We maintain a marine research aquarium to study Antarctic marine organisms. Much of this research is on the physiology, behaviour and reproduction of krill.

Most years we collect live Antarctic krill from the research vessel Aurora Australis. Once aboard, the animals are kept alive in tanks of chilled sea water until the ship returns to Hobart. They are then put into buckets of chilled sea water which are packed in ice and moved to the aquarium at our headquarters in Kingston, Tasmania.

Unlike a usual low temperature research facility that cools the whole laboratory to control the water temperature of the tanks, the aquarium is a recirculating sea water system in which the water is chilled directly.

  • The air is kept at about 18°C and scientists can do their experiments without wearing freezer suits.
  • Heat exchangers maintain the water in the tanks typically at 0.5°C although temperatures as low as −1°C can be reached.
  • The water is recirculated continually at up to 1.5 litres per second. It passes through a group of filtering units with the whole system volume of the main holding tanks (approximately 8,000 litres) being filtered every 90 minutes.

Most of the krill are kept in this system. They are fed different types of live and dead phytoplankton and microencapsulated vitamins and minerals. The tanks get a typical Antarctic photoperiod (number of hours of daylight) to copy the lighting conditions that they would receive in the Southern ocean.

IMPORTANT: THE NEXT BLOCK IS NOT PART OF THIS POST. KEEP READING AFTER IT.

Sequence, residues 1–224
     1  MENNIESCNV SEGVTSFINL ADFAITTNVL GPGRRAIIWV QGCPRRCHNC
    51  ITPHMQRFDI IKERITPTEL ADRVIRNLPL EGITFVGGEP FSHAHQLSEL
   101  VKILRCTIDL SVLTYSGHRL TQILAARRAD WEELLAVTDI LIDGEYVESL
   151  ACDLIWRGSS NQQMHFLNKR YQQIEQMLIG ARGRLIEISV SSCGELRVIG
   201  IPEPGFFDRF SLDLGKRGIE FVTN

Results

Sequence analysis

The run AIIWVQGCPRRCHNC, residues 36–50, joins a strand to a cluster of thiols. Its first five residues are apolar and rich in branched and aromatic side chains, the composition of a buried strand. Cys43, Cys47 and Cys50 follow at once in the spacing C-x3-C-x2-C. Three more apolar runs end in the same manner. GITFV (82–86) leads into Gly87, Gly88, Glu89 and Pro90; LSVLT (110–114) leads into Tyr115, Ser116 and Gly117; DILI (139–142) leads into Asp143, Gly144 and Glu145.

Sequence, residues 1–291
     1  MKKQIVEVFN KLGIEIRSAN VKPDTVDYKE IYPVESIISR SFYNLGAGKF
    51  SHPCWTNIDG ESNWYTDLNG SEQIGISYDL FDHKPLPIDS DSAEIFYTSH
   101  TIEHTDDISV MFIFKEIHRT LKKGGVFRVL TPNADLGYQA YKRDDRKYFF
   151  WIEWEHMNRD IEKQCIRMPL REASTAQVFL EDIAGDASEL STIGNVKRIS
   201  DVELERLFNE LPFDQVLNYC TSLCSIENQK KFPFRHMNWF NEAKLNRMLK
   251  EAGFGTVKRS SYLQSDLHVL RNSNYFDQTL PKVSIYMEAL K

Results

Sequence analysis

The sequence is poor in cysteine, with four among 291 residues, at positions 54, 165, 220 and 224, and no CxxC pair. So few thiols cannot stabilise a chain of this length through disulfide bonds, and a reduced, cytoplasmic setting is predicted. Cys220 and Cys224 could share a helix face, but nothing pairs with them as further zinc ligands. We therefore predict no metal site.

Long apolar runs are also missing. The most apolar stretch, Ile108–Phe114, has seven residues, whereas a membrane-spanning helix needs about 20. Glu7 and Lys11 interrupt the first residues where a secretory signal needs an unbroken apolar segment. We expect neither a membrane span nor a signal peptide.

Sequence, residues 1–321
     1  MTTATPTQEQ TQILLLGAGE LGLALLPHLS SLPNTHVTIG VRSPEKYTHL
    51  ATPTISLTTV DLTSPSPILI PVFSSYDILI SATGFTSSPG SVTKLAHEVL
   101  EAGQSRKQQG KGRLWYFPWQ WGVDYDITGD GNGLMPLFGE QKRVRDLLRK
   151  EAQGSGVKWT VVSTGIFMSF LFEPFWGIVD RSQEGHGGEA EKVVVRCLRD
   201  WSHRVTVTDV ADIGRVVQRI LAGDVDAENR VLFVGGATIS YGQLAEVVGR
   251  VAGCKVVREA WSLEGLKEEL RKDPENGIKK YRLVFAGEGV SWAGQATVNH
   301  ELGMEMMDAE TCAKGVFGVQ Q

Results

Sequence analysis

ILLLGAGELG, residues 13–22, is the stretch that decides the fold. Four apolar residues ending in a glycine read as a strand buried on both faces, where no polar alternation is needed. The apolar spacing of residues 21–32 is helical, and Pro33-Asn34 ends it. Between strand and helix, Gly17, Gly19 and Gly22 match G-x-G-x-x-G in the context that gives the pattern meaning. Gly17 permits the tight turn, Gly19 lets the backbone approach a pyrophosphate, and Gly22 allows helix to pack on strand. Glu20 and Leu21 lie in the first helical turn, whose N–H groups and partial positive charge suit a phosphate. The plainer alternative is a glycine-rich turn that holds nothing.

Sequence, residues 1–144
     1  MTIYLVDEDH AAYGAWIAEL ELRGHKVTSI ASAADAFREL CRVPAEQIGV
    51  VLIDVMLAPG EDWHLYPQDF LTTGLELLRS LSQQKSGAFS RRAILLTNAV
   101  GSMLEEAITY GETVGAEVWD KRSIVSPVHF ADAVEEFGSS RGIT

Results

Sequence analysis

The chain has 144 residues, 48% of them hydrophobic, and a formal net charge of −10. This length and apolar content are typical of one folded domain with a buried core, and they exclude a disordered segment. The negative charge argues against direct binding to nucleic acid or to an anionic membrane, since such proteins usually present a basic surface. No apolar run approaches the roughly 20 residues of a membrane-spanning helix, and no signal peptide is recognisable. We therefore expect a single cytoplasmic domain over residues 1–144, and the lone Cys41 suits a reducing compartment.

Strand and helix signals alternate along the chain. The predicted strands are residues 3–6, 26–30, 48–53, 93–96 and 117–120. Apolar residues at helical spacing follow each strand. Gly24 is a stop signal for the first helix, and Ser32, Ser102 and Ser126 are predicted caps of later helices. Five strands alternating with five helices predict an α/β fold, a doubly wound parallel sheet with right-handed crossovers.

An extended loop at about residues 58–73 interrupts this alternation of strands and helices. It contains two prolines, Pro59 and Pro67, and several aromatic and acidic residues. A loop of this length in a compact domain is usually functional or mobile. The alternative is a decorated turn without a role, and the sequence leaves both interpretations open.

In addition to the 8,000 litre system, there is a separate experimental system of approximately 24,000 litres. This can be used to change water chemistry, temperature and lighting for a wide array of experiments. Some experiments involve short-term measurements and observations while others are longer term studies that may require rearing krill through several years.

Our research capabilities have been enhanced by our success in getting wild krill to school and reproduce in the aquarium. Antarctic krill kept in the aquarium mature, mate and spawn as they do in the wild. Their larvae survive and reproduce themselves. This achievement allows us to study their early life stage in detail, which is key to understanding their survival through the harsh Antarctic winter condition.

Our research provides a greater understanding of how krill contribute to the Southern Ocean ecosystem. Research performed in the aquarium is published in international peer reviewed scientific journals and as documents for the Commission for the Conservation of Antarctic Marine Living Resources (CCAMLR).